Tuesday, 22 November 2016

City students vote to ban The Sun, Express, and Daily Mail

City University students have voted to ban newspapers including The Sun, Express, and Daily Mail, saying they have “no place” on campus.

The motion, aimed at opposing fascism and social divisiveness in the UK media, argue that the three newspapers in question “demonise refugees and minorities” and “actively scapegoat the working classes.”

The newspapers in question give a platform to far-right figures such as Nigel Farage, Richard Littlejohn, and Katie Hopkins; people who City students argue shout not have a voice in the mainstream media.

The newspapers’ front page headlines have also stirred controversy recently. The Daily Mail dubbed three senior judges “Enemies of the People” after they ruled that Parliament should have a say on Brexit. Earlier this month, the Express compared the court’s Brexit decision to a crisis on the same level as World War Two.

This decision to ban the newspaper comes only weeks after Lego announced that they would no longer be using the Daily Mail for free giveaways. The lobbying group ‘Stop Funding Hate’ is urging John Lewis, Waitrose and Marks & Spencer to do the same.

The City University motion also resolved that University contacts in the media industry should reach out to journalists and shareholders of the three newspapers in question.

Esteemed Sunday Times columnist Camilla Long tweeted that City’s decision to ban the three papers is “100% pathetic.” Many more argue that it will be a breach of freedom of speech if the University attempts to dictate what students can read and cannot read.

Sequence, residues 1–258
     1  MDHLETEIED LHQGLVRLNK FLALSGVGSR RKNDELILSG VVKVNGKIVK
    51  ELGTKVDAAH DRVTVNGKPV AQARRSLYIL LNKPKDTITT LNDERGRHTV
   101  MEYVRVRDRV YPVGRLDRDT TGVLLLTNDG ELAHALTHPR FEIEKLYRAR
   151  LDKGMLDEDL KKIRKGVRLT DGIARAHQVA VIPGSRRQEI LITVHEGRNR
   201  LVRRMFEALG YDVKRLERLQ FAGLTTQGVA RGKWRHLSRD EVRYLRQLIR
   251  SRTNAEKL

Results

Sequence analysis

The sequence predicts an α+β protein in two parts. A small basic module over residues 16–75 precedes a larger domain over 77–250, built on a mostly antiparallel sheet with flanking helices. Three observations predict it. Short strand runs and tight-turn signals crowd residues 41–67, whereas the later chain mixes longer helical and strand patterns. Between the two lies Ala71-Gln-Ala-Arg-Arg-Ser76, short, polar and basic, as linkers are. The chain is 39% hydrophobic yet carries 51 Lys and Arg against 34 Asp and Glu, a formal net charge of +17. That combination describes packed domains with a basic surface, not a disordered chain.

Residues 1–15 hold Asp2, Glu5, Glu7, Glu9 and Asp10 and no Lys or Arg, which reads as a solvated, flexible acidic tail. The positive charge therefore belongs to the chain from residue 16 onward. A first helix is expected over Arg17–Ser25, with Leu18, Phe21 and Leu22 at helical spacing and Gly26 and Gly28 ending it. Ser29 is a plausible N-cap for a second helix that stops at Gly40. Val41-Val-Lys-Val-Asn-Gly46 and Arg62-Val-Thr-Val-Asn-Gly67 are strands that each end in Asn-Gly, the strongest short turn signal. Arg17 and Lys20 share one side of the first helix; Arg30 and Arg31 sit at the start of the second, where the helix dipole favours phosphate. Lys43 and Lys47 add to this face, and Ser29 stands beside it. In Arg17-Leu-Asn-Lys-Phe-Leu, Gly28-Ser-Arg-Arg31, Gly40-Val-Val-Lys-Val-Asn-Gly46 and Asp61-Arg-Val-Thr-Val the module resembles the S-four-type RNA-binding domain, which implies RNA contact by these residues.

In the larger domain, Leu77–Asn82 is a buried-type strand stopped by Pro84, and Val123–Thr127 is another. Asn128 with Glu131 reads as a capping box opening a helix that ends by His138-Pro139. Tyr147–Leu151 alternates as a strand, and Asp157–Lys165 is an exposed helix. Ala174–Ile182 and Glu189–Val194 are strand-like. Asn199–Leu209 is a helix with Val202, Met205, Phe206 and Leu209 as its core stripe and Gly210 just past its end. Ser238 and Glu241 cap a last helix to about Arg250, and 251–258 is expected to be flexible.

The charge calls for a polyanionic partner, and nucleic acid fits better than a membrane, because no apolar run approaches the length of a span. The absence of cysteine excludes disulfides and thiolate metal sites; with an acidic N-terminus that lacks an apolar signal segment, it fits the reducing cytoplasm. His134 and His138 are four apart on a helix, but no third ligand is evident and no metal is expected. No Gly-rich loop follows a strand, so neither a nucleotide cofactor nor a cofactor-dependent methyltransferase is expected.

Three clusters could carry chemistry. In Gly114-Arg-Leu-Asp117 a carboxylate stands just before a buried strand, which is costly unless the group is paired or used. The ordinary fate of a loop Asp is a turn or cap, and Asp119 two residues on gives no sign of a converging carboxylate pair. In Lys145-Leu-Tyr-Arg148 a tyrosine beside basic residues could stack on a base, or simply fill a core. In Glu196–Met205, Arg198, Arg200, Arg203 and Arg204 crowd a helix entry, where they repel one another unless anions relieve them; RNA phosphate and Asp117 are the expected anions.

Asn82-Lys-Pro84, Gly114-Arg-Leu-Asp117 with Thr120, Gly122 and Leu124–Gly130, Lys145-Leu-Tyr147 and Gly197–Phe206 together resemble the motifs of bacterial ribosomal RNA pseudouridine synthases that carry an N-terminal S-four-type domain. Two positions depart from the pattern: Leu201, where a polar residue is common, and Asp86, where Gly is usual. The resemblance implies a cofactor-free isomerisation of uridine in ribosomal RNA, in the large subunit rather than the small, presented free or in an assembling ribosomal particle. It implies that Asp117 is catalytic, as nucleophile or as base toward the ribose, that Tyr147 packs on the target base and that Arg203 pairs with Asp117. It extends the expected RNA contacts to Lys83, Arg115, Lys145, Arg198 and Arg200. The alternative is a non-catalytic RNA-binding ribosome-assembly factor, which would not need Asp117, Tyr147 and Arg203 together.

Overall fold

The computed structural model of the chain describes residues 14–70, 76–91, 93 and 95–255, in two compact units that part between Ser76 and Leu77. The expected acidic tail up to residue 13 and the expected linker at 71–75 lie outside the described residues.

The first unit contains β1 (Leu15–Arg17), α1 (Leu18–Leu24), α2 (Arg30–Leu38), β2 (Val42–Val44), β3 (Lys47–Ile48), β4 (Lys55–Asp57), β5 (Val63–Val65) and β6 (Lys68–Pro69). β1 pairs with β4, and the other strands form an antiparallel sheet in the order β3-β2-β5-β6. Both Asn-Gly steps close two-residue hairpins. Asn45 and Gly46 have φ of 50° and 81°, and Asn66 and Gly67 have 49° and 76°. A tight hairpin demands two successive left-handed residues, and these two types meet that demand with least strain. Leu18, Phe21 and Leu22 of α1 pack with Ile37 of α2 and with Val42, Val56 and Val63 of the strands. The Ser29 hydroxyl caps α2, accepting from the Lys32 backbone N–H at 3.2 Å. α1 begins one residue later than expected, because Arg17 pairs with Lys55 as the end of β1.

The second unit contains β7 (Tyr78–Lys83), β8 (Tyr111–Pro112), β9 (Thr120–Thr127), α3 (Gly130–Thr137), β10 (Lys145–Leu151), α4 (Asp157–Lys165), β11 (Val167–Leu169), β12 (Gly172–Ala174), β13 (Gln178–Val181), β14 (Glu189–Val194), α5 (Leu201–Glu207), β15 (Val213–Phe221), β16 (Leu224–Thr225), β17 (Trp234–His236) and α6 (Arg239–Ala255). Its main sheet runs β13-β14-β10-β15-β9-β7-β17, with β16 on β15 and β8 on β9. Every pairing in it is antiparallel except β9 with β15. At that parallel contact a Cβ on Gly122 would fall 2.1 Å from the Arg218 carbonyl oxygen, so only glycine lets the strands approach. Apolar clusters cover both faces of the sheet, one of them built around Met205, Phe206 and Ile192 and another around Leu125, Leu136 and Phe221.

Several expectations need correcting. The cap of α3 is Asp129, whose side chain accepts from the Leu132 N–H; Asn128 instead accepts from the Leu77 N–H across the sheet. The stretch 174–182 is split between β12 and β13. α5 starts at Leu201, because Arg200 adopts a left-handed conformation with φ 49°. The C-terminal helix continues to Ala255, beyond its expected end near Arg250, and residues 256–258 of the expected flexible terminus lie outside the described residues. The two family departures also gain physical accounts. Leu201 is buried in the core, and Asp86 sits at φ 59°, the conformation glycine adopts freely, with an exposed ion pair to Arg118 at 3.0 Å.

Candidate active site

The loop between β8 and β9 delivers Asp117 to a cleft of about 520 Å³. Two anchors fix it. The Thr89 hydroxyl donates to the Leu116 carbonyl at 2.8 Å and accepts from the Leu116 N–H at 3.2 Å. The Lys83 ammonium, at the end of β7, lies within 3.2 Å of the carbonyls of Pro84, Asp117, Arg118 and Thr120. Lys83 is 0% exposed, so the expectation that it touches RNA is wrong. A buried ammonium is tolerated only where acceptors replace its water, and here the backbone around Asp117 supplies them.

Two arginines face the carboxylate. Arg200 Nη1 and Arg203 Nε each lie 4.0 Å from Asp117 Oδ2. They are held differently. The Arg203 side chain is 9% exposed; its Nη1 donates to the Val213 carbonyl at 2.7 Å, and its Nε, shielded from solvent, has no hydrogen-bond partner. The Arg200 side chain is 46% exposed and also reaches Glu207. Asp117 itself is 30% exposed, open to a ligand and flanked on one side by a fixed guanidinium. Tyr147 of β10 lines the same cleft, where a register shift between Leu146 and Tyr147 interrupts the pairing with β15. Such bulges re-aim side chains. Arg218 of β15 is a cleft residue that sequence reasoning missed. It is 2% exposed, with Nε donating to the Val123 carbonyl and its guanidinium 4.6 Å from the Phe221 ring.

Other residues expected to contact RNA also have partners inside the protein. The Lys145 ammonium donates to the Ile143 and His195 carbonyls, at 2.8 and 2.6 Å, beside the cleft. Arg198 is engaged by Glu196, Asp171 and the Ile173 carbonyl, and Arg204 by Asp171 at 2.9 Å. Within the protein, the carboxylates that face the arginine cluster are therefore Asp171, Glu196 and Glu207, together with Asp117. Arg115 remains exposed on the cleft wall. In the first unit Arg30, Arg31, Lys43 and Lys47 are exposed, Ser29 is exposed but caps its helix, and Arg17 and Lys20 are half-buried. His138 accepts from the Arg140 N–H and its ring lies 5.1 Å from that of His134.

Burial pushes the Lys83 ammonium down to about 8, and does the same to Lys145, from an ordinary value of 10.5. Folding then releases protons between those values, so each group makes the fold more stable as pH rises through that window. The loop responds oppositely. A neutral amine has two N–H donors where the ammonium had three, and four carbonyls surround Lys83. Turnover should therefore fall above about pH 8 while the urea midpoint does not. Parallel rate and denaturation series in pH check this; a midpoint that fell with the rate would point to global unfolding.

According to The Guardian, some journalism students at City are threatening to pull of the union in protest against the decision. City has a renowned journalism department and many graduates go on to find jobs working for the Sun, Mail or Express.

It is unclear how City will attempt to ban the newspapers. The journalism department has already stated that they will not block students’ access to the newspapers. Furthermore, some students find the notion absurd that walking through campus evening holding the Daily Mail might be against the rules soon.

Although student unions around the country have previously boycotted The Sun in protest of topless page three models, a blanket ban of three major newspapers has never been done before. The consensus on this ban appears to be: if students don’t want to read The Sun, Daily Mail, or Express, they simply shouldn’t buy it.